|The stupid question is the question not asked|
A hard issue to address with so little information, but I can offer a few tips that may help
* if you can, create a 2nd table in your database that contains just your key record (i am assuming you have one) and the two fields you're basing your query on. You can even create this on the fly as a temporary table which is never written to disk, and then query it. Use your array of key values to fetch all 200 fields one record at a time based on your key value, which should be indexed.
* Don't bother creating an index on mw_export, that will probably slow down your table's performance, especially your write performance (because on write/update the table updates all affected indexes). Indexes don't help on columns that just contain one or two possible values... like yes/no.
* You didn't specify, but perhaps you're loading a big data file from another source, like a CSV into a table before processing the records, and that's why the table design is so horrid? If this is the case, don't create the indexes on the table until after you've loaded the data into it. This way, it just generates it's index once, not every time you insert a record into the table.
* When you *have* to build a table like this, it gets big. When a table is this size, with this many fields and records, very small optimizations make a large differnce over time. Review all of your column types and make sure you are being as efficient as possible. Easy things to check are field sizes compared to data sizes, setting NOT NULL on columns that will not contain null values saves you storage and processing each time that value is accessed. Using CHAR instead of VARCHAR saves you a byte of storage and requires less processing by the server to pull that value. CHAR vs VARCHAR depends a lot on your data, and the engine you're using on that table. You can pick up a good comprehensive MySQL reference like "MySQL by Paul DuBois" from O'Reilly ISBN0-7357-0921-1 (available online if you're a member of safari.oreilly.com). Find as many ways to optimize your columns and data as possible.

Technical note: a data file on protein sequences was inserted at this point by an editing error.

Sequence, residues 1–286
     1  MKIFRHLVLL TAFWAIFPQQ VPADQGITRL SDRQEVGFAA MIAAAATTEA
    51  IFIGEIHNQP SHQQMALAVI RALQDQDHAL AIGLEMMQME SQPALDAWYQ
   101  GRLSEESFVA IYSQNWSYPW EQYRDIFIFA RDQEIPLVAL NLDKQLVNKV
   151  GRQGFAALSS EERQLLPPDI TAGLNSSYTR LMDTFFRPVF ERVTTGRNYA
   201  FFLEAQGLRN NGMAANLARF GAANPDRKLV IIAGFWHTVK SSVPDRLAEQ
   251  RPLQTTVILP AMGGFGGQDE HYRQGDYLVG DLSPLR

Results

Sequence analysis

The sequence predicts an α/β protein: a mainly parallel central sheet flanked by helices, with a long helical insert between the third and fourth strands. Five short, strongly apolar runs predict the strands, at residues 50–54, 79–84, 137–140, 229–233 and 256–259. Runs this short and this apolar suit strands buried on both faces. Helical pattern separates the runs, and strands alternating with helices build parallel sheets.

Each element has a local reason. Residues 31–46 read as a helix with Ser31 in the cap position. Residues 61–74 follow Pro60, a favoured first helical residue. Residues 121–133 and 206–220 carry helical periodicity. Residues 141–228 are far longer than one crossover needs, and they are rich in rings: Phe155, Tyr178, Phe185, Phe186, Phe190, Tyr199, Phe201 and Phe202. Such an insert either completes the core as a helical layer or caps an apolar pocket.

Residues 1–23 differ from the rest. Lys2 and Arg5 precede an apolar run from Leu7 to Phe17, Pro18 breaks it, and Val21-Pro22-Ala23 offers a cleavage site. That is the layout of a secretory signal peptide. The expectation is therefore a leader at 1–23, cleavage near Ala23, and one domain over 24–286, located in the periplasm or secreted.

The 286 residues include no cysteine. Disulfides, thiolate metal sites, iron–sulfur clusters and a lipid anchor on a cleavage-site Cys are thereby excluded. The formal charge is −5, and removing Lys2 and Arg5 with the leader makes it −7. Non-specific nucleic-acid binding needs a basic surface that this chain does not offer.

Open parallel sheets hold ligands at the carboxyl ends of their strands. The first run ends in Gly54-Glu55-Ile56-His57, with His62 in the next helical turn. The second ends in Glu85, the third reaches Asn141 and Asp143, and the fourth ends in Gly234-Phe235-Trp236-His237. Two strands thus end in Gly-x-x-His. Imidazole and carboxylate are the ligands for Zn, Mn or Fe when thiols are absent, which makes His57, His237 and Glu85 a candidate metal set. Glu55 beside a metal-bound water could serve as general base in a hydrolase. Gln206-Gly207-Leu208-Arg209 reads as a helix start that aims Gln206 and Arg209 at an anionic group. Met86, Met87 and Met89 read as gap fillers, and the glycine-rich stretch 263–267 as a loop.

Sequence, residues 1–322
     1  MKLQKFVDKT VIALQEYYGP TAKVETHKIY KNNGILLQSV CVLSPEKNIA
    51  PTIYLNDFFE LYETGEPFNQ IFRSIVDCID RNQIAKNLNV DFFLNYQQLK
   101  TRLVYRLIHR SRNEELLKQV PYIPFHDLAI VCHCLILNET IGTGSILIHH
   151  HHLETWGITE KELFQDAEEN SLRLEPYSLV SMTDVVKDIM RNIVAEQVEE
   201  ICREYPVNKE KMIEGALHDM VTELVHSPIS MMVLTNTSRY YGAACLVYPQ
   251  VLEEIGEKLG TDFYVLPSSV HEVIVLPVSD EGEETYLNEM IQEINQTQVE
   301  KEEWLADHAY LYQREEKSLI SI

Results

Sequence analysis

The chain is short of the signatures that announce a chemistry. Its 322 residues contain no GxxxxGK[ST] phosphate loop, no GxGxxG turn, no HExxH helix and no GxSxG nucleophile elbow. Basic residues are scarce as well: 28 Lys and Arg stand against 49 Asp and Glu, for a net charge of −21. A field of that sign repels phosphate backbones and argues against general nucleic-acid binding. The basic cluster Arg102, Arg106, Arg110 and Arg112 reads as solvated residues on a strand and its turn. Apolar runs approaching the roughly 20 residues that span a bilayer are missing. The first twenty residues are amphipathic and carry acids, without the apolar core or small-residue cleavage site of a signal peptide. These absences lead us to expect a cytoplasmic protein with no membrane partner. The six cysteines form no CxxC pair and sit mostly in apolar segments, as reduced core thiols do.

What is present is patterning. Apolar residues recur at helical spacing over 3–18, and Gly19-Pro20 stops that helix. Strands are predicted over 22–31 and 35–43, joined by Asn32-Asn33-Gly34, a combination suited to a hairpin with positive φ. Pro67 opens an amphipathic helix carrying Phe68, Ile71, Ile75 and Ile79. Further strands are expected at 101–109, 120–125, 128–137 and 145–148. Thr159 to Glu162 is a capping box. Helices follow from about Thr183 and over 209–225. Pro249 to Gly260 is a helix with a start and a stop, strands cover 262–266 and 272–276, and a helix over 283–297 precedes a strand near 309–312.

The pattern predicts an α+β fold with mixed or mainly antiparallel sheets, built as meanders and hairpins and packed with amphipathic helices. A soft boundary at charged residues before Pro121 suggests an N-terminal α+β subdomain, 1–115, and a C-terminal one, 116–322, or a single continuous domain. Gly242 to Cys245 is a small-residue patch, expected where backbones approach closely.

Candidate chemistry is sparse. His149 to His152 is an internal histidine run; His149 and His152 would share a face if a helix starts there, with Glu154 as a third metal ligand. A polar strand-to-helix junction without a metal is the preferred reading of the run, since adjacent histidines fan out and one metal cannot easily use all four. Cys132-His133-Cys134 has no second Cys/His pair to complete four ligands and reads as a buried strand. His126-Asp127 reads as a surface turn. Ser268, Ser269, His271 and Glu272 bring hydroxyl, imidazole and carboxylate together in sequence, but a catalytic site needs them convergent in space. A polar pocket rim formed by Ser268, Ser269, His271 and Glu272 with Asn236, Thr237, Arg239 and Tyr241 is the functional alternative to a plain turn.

* As you process your records one at a time, be sure to retain as little data as possible from the rest of the records in memory. If you're taking each record, storing it's hash reference for later access and moving on, you're forcing your script to keep the entire record set in memory. You want to load one record at a time and when you're done with it, make sure you're letting the garbage collector ditch the data instead of holding onto it by keeping a reference to it's hash defined somewhere.